Xenophobia 2

Xenophobia

“Social justice cannot be attained by violence. Violence kills what it intends to create.”

– Pope John Paul II

2008– “By today, 22 people have been murdered in orchestrated attacks by groups of South Africans against immigrants in poor townships around Johannesburg. The victims are mainly Zimbabwean immigrants. News reports quote the attackers as saying the immigrants are “job stealers”.”

South Africa is a major destination for economic migrants from neighbouring Lesotho, Mozambique and Zimbabwe. But others come from South Asia and Nigeria looking for work.

Fast Forward to September 2019, violence has erupted, souring ties between South Africa and Nigeria; officials reported that several Nigerian Businesses were attacked and burned down. This being referred to as Xenophobic attacks.

The African National Congress (ANC) Secretary General, Ace Magashule has denied the existence of Xenophobia in South Africa, instead saying it is just criminality that has taken over.

Magashule addressed members of SA Students Congress (SASCO) at the Tshwane University of Technology on Wednesday 4th September, ahead of the university’s student representative council elections the following day. “What I know, which is factual, is that our presidents, the presidents of Africa are talking, and they have analysed this correctly. They know what is happening. It is not acts of xenophobia, it’s acts of criminality,” said Magashule to journalists at the side-lines of the SASCO’s election rally. He further described some of the acts as “tribal battles”.

According to the police, five people have died in the violence that has spread around Johannesburg. The nationalities of the deceased have not been released and the circumstances of the deaths remain unclear as police battle to contain the situation.

Parallels have quickly been drawn between now and 2008, when dozens of people were killed in the first major wave of violence targeting foreign nationals in South Africa.

But as then and during a more recent flare-up of migrant-directed unrest in 2015 – officials are hesitant to use the word that has often come to characterise the relations South Africans are accused of sharing with foreigners: xenophobia.

“For me, this is nothing more than pure criminality with people using Xenophobia as an excuse,” Police Minister Bheki Cele told reporters on Jules street, as he visited affected areas in the inner city following the arrest of 189 suspects during law enforcement operations.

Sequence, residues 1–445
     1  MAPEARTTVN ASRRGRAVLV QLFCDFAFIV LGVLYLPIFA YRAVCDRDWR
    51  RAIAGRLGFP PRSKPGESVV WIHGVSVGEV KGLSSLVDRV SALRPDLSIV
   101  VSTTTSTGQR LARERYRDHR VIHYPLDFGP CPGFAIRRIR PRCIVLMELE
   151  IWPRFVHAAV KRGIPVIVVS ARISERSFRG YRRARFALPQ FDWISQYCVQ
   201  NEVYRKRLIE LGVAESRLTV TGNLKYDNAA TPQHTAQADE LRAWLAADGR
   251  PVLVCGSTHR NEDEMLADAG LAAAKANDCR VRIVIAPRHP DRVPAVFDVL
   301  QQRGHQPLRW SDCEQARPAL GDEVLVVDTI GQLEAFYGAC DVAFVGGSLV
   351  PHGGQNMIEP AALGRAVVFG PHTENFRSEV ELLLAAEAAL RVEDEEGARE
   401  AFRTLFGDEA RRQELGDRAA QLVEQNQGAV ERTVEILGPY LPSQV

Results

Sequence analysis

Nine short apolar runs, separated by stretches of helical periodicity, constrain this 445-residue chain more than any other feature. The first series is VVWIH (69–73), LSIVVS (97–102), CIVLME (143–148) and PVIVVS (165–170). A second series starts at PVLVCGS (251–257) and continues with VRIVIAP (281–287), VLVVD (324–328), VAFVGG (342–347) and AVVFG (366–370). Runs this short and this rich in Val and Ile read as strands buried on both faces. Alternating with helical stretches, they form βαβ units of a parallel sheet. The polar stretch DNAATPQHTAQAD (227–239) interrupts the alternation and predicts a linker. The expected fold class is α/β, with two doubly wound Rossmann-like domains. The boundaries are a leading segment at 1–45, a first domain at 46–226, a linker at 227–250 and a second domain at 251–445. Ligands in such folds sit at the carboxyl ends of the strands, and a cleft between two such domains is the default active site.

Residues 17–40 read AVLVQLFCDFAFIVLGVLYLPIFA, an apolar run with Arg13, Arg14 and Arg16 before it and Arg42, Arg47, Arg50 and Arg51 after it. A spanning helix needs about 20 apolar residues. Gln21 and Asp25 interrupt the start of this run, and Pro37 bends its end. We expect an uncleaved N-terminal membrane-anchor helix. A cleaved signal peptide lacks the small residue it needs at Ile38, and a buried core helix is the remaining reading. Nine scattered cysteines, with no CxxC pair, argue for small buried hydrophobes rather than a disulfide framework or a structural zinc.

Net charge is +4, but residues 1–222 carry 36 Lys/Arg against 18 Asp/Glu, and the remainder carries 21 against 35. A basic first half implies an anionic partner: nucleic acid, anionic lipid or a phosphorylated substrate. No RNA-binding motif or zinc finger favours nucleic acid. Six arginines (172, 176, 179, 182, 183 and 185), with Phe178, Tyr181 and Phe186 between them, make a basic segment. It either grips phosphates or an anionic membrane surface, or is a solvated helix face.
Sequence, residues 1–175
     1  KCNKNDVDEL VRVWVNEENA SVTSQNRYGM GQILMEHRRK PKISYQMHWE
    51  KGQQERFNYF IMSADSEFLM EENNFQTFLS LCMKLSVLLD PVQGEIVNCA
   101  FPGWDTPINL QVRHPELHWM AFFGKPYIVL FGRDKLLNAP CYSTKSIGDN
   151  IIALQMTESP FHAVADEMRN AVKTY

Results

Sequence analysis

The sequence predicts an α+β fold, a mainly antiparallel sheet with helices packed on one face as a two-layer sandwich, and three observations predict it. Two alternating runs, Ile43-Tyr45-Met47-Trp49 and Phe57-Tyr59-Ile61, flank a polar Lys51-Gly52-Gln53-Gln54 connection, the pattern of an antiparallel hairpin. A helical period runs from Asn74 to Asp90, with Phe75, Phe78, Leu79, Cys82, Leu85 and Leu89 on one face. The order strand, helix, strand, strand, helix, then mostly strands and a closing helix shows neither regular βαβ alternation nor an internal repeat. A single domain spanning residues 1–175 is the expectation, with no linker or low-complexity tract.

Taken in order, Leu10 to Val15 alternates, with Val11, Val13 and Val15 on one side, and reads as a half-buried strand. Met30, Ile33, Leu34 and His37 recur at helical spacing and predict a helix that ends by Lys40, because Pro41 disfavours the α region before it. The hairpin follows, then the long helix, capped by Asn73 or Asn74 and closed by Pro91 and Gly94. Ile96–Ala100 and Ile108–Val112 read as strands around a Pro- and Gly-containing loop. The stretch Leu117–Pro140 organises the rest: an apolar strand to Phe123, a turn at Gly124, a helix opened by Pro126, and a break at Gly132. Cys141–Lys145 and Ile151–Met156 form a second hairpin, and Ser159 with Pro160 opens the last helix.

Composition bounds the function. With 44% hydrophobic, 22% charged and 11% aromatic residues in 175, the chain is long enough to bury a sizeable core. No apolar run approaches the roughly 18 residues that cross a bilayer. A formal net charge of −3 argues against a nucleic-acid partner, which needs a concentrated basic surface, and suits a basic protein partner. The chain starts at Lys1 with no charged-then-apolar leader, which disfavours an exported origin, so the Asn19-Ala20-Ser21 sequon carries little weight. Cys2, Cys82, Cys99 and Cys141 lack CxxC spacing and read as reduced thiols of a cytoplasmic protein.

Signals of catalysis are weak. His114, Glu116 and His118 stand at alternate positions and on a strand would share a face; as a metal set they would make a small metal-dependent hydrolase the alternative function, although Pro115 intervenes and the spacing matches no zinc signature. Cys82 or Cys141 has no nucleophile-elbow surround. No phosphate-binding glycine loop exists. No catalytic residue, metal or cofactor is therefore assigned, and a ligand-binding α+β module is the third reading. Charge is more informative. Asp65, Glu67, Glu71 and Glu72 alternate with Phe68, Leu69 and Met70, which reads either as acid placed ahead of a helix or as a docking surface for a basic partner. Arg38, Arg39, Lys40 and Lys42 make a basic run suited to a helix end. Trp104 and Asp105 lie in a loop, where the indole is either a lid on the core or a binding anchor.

There are no studies to confirm if foreign nationals coming to South Africa affect the economy or society negatively and whether they are disproportionately involved in crime.

From a poll conducted by Pew Research, an American research firm based in Washington, 62% of South Africans viewed immigrants as a burden on society by taking jobs and social benefits while 61% of South Africans thought that immigrants were more responsible for crime than other groups. (Standard Media, n.d.)

Possibly, the nation has not fully healed from the wounds inflicted by the Apartheid system.  Apartheid-made laws forced the different racial groups to live separately and develop separately, and grossly unequally too. It tried to stop all inter-marriage and social integration between racial groups. During apartheid, to have a friendship with someone of a different race generally brought suspicion upon you, or worse.

But this changed in the 20th Century, with the fight against apartheid in South Africa unifying Africa around the galvanising ideology of Pan-Africanism.

The government of South Africa has been exposed in its inability to serve its people. The locals feel neglected and therefore at times blame migrants for their social and economic status. If majority of African governments continue to misgovern their countries, South Africa cannot cope to absorb millions of economic migrants. There is bound to be conflict amongst the locals and foreigners for crumbs of the economic cake.

However these violent attacks may be defined, they go against the values of integrity and respect, therefore, should be highly condemned and an end be put to them.